She said she keeps in her office “an old, scarred, wooden MacGregor four-wood with a steel shaft and a slick, old-fashioned leather grip” with “Ben Hogan” etched on it to remind her of her late father’s love for the game. Now, she said, “It symbolizes the allure and the joy of a game that has endured for six hundred years, spanning continents, while always evolving.”
“We have learned – through playing golf, watching it, or both – that a positive attitude is a greater asset than the most rock-solid swing,” Murphy said. “On the golf course, the notion that if we simply keep our spirits up, keep our faces toward the sun and keep our minds open, then something good will happen, is true, more often than not. Sure, we know the next shot may end up in the bottom of a barranca, (where nothing bigger than a jackrabbit has ventured for a very long time), or it may end up four inches from the hole! Again and again, a good attitude carries the day and no matter what the scorecard reads, we walk away remembering our best shots and looking forward to our next round.”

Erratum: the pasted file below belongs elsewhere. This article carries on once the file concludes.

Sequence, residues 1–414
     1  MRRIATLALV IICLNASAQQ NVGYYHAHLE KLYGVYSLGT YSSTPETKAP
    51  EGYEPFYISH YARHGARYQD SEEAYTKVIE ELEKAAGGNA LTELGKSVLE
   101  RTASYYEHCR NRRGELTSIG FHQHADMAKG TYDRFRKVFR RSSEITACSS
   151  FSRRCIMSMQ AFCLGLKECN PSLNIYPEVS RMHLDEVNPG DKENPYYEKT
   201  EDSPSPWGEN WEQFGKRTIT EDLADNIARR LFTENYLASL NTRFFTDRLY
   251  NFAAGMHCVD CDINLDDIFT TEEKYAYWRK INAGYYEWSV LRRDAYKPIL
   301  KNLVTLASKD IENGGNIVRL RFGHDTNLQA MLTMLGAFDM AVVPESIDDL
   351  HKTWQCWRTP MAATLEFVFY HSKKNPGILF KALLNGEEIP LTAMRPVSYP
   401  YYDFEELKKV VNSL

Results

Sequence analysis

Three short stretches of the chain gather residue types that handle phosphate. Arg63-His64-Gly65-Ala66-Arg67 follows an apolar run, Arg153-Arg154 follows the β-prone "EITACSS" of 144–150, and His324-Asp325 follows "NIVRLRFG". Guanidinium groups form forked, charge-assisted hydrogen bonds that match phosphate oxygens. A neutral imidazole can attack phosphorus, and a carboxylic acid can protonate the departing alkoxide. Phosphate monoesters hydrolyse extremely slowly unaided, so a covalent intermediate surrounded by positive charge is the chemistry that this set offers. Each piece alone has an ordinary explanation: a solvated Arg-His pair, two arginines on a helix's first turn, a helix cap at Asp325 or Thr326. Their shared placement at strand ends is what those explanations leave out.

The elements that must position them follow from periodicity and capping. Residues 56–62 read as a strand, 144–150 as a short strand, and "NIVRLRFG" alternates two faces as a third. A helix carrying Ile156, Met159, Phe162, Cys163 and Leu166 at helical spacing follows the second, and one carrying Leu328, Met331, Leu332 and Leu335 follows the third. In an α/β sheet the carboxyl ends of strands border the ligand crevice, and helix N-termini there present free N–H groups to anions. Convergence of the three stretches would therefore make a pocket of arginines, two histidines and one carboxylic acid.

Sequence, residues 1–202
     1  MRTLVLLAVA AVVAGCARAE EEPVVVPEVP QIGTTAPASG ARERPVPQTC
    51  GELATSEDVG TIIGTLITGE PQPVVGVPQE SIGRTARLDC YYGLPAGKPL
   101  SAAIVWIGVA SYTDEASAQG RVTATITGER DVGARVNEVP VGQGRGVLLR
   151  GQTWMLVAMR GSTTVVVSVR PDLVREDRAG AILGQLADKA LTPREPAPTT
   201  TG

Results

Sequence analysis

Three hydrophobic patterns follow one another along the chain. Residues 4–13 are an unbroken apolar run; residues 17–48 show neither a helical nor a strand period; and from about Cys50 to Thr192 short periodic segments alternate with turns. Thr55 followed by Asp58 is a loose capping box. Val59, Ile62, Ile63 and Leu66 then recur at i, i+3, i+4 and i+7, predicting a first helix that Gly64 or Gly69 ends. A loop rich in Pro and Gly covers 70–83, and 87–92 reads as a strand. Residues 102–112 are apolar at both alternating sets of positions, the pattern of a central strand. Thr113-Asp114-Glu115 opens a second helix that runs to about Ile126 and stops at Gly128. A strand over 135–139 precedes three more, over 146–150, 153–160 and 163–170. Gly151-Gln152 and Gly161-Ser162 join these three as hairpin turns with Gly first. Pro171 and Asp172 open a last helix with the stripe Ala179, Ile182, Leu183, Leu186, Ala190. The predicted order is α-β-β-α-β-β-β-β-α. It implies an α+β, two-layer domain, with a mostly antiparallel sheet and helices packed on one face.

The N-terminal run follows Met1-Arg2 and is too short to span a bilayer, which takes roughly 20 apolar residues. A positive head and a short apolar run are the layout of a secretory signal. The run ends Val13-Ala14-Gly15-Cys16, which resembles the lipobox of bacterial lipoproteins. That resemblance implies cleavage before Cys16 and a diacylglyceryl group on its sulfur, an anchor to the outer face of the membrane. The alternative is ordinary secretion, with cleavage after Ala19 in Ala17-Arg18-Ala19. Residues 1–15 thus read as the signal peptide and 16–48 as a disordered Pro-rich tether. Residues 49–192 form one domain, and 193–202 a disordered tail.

Murphy would like each of us to do one thing for the game this year: Reach out to someone and introduce him or her to golf. She’s calling this “Plus One,” which is of course the handicap of an excellent golfer and the foundation of the USGA’s next grow-the-game initiative.
Your “Plus One” could be anyone, she said: “Someone who may look different than you, who may be interested in watching golf and understanding the challenges that are not obvious to a non-golfer; or learning how to hit a golf ball or play a few holes; or reading about the courage and competitive spirit of Ben Hogan and Babe Zaharias, who overcame incredible adversity yet still were champions of the game; or volunteering at a championship; or learning how to caddie; or discovering how science is a significant part of the game; or ingraining integrity, honesty, sportsmanship through golf.”
Have someone in mind?